By Drew AIles
By Taylor Boylston
By Bree Davies
By Emerald O'Brien
By Gina Tron
By Jon Solomon
By Drew Ailes
During the early years of his career, Bob Dylan could do no wrong--but by the late Sixties, he'd figured out a way. Over the last thirty years, he's interspersed good-to-great albums (Blood on the Tracks) with erratic but worthy curiosities (Empire Burlesque), predictable filler (Real Live) and downright stinkeroos (I'm betting even Dylan worshipers haven't spun Saved or Under the Red Sky in ages). But the pride of Duluth, Minnesota, remains pop music's favorite uncle. He used to be enigmatic, but when he appears now on award shows and the like, he's plain old incoherent--and America loves him for it. Time Out of Mind, his latest CD, was a decent but hardly groundbreaking effort, but because it came out shortly after an illness that nearly killed him, the public and the critical establishment collectively declared it a masterpiece. Be as crazy as you want, his fans seemed to be shouting, but please don't die.
At appearances June 5 at the Fillmore Auditorium and June 7 at McNichols Arena, Dylan repaid this loyalty. The concept behind his current tour, which pairs him with fellow tunesmith Paul Simon, is a bad idea, as should have been obvious from the start: When the average person thinks of angelic harmonies à la Art Garfunkel, they don't think of Bob Dylan. Still, Dylan's own music was effortless and approachable, and if too much of it dated from his glory days, his trademark restlessness gave it a fresh jolt. In two separate reviews, a Rocky Mountain News reviewer stated that Dylan spent much of his time in the spotlight grinning, which most certainly was not the case: Anyone who bothered to get close to the stage at the Fillmore (or could afford to do so at McNichols) saw that he's developed a Humphrey Bogart-like facial tic that causes him to intermittently lift his upper lip, thereby baring his teeth in a semi-wince. But his mincing, tentative dance steps and silly poses, executed with the supreme self-consciousness of a shy adolescent checking himself out in a mirror, indicated that he's not ready for the grave quite yet.
The Fillmore set began on a laconically witty note--a cover of "Friend of the Devil" that slyly acknowledged the Grateful Dead's connection to the room--before rolling into a "Mr. Tambourine Man" with a vocal melody completely different from the one he originally wrote. On one level, this tack seemed merely eccentric: It was as if Dylan had decided to sing old words to a freshly penned tune because it was easier than coming up with new ones. But when he performed the same tune at McNichols using yet another melody line, it became clear that he was defending against boredom (the tune is approximately 35 years old) even as he was screwing with the audience's perceptions. At most concerts, audiences cheer familiar riffs or notes at the beginning of songs; at a Dylan show, the crowd often has to wait for the lyric--which is probably just the way Bob likes it.
Not every change was an improvement: A reimagined "Blowin' in the Wind" at the Fillmore felt forced. But the delicate, pedal-steel-flavored versions of "Just Like a Woman" (Fillmore) and "A Simple Twist of Fate" (McNichols) were unexpectedly gorgeous, and the decision to turn "Highway 61 Revisited" (both nights) and "Maggie's Farm" (Fillmore) into ZZ Top-friendly chooglers made a certain kind of sense. Hiring hot-shit guitarist Charlie Sexton to play in the band yet not letting him play lead on most songs didn't, but that's our Bob.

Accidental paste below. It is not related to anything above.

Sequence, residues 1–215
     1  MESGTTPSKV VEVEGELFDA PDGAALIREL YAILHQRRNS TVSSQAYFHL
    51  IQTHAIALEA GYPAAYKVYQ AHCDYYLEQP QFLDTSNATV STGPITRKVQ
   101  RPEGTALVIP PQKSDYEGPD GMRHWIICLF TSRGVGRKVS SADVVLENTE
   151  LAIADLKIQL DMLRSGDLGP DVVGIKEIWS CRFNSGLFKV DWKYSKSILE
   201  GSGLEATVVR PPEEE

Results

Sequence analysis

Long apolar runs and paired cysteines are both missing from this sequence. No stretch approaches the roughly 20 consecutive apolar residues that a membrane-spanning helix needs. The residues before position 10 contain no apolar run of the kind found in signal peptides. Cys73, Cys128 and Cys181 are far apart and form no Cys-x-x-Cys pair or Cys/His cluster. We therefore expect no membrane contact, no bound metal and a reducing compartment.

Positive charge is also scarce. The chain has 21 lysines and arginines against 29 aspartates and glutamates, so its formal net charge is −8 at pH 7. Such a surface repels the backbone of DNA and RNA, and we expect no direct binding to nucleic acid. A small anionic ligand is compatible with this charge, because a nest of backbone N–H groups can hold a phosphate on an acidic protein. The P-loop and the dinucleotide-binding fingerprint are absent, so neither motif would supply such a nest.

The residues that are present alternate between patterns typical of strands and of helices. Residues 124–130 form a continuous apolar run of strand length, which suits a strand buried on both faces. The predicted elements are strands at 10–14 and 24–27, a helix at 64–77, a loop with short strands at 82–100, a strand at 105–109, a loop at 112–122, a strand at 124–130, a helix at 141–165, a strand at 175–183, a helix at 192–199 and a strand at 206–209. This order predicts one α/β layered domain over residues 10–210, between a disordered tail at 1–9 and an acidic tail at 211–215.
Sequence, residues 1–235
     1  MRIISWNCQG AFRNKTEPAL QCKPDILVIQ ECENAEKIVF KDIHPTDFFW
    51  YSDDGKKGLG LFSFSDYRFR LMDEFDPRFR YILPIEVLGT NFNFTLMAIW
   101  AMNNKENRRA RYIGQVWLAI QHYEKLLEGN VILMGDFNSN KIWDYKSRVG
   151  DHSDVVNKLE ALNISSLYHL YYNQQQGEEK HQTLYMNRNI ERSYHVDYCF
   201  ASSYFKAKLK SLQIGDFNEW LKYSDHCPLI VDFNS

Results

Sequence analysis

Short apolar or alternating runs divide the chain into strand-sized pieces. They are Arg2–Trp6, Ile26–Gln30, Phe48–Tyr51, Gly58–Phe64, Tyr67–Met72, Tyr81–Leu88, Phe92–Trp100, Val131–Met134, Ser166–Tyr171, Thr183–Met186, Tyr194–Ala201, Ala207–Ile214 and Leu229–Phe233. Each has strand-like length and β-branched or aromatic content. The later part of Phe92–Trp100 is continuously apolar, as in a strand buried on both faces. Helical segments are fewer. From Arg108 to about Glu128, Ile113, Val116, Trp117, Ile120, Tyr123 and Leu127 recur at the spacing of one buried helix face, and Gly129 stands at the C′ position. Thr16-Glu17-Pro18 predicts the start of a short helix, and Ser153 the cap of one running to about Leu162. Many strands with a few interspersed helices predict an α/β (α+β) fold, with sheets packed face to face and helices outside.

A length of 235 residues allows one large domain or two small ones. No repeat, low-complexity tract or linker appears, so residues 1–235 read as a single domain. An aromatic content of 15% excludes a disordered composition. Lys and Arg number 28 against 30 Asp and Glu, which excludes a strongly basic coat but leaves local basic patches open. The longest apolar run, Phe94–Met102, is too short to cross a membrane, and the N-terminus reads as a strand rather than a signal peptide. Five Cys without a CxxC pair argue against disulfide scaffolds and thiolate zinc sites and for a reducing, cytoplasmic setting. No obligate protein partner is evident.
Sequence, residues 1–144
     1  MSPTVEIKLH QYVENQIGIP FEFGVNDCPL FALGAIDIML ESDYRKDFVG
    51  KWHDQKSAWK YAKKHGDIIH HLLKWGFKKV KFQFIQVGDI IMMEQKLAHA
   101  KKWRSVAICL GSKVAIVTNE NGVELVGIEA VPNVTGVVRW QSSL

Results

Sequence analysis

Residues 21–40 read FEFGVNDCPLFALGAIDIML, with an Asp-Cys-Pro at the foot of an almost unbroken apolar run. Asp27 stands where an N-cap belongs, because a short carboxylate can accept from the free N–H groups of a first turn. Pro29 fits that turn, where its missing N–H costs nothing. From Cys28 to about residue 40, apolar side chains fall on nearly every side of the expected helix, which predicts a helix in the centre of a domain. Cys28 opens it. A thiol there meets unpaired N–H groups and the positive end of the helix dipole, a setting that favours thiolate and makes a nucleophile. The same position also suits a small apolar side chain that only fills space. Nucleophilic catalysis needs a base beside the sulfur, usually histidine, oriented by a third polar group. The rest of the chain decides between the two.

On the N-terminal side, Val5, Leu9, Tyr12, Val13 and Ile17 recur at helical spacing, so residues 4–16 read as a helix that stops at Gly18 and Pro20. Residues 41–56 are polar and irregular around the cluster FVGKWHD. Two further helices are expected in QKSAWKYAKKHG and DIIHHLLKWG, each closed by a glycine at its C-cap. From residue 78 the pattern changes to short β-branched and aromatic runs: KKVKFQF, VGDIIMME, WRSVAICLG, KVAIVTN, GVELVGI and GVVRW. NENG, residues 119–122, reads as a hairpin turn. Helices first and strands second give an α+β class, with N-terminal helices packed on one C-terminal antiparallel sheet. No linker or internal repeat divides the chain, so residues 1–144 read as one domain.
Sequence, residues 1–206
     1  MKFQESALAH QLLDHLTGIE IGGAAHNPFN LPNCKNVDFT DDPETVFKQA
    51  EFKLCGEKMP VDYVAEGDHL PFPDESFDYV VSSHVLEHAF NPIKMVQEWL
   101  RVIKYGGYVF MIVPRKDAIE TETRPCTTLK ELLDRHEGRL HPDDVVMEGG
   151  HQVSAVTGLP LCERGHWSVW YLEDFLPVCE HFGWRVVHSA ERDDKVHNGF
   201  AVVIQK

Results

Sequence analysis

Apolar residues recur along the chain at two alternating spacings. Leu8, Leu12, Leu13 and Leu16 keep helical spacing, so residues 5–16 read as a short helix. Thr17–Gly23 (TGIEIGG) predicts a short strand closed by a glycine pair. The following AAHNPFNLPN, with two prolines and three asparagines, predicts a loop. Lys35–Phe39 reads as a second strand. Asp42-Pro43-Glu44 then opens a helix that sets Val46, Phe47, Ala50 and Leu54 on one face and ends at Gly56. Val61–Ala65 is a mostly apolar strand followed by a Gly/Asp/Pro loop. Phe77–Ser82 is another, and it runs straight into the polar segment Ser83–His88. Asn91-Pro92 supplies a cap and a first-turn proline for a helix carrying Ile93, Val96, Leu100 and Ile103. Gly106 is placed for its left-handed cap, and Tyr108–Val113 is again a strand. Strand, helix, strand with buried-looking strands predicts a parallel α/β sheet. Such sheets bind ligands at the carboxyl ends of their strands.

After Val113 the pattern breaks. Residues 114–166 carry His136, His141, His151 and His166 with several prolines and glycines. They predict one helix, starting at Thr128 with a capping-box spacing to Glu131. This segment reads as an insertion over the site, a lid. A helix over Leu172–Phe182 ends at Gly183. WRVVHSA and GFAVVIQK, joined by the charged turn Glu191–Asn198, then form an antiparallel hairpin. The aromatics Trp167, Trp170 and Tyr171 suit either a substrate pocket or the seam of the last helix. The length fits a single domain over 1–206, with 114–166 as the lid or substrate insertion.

By contrast, the Dylan who invited Simon to join him toward the end of his last encore at the Fillmore and McNichols was almost unrecognizable--diffident, uncertain, polite to a fault. While Dylan is undisciplined by nature, relying on spontaneity to juice him along, Simon is a buttoned-down control freak who does everything he can to keep surprises at bay. On both evenings, Simon wore the same uniform: a standard-issue insecure-balding-man's cap, a cotton windbreaker, and a plain T-shirt neatly tucked into a belted pair of tidy jeans. In other words, he resembled a wealthy executive whose attempt to dress down made him look more uptight than ever, and Dylan was unable to loosen him up. On the surface, their reworking of "The Sounds of Silence" had a reason for being: The tune became a hit only after the late producer Tom Wilson, who'd worked on some of Dylan's early electric recordings, grafted an electric guitar and a rock rhythm section onto it. But for this tour, the song's already modest tempo was slowed down to a funereal pace, with Simon crooning like a student trying not to piss off the librarian and Dylan doing little more than speaking the words in time. Worse was a medley of "I Walk the Line" and "Blue Moon of Kentucky," two potentially raucous classics that they treated as if they were thin-shelled eggs, and the Fillmore take of "Forever Young," which undercut the message with a performance more decrepit than Strom Thurmond.
Simon's turn at McNichols was equally tedious: In the midst of "Slip Slidin' Away," my wife, who accompanied me, slipped and slid straight into the land of nod, and she might still be there had I not awakened her. Rumor has it that the catastrophe that was The Capeman, Simon's flop Broadway show, has left him feeling insecure, and he showed it by kicking things off with "Bridge Over Troubled Water" and trotting out warhorses like "Mrs. Robinson." But when he tried to force-feed the throng "Further to Fly," from the yawn-worthy The Rhythm of the Saints, and a couple of Capeman numbers, the patrons responded by falling into their seats more quickly than if they'd just been infected with the Andromeda Strain.